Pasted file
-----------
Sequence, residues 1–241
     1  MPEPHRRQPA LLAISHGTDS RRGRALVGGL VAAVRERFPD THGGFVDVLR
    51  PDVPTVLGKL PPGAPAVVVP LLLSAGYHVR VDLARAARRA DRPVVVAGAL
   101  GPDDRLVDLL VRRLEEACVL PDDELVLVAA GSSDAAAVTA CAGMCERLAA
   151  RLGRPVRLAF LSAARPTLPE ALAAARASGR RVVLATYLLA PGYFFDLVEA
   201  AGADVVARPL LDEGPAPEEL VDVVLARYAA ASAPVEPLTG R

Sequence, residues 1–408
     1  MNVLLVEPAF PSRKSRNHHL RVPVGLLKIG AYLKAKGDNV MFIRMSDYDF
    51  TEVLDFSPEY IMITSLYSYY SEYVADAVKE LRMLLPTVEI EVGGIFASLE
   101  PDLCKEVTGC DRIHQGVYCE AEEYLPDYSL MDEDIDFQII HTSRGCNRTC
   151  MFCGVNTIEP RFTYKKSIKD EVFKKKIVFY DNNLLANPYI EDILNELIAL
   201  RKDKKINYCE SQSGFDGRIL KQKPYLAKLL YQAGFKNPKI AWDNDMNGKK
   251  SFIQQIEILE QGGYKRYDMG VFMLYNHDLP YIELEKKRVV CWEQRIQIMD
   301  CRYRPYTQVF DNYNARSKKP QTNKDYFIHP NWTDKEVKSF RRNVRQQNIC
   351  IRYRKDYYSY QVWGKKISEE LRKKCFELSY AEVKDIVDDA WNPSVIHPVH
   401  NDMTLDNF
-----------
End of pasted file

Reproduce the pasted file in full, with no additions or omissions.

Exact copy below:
Sequence, residues 1–241
     1  MPEPHRRQPA LLAISHGTDS RRGRALVGGL VAAVRERFPD THGGFVDVLR
    51  PDVPTVLGKL PPGAPAVVVP LLLSAGYHVR VDLARAARRA DRPVVVAGAL
   101  GPDDRLVDLL VRRLEEACVL PDDELVLVAA GSSDAAAVTA CAGMCERLAA
   151  RLGRPVRLAF LSAARPTLPE ALAAARASGR RVVLATYLLA PGYFFDLVEA
   201  AGADVVARPL LDEGPAPEEL VDVVLARYAA ASAPVEPLTG R

Sequence, residues 1–408
     1  MNVLLVEPAF PSRKSRNHHL RVPVGLLKIG AYLKAKGDNV MFIRMSDYDF
    51  TEVLDFSPEY IMITSLYSYY SEYVADAVKE LRMLLPTVEI EVGGIFASLE
   101  PDLCKEVTGC DRIHQGVYCE AEEYLPDYSL MDEDIDFQII HTSRGCNRTC
   151  MFCGVNTIEP RFTYKKSIKD EVFKKKIVFY DNNLLANPYI EDILNELIAL
   201  RKDKKINYCE SQSGFDGRIL KQKPYLAKLL YQAGFKNPKI AWDNDMNGKK
   251  SFIQQIEILE QGGYKRYDMG VFMLYNHDLP YIELEKKRVV CWEQRIQIMD
   301  CRYRPYTQVF DNYNARSKKP QTNKDYFIHP NWTDKEVKSF RRNVRQQNIC
   351  IRYRKDYYSY QVWGKKISEE LRKKCFELSY AEVKDIVDDA WNPSVIHPVH
   401  NDMTLDNF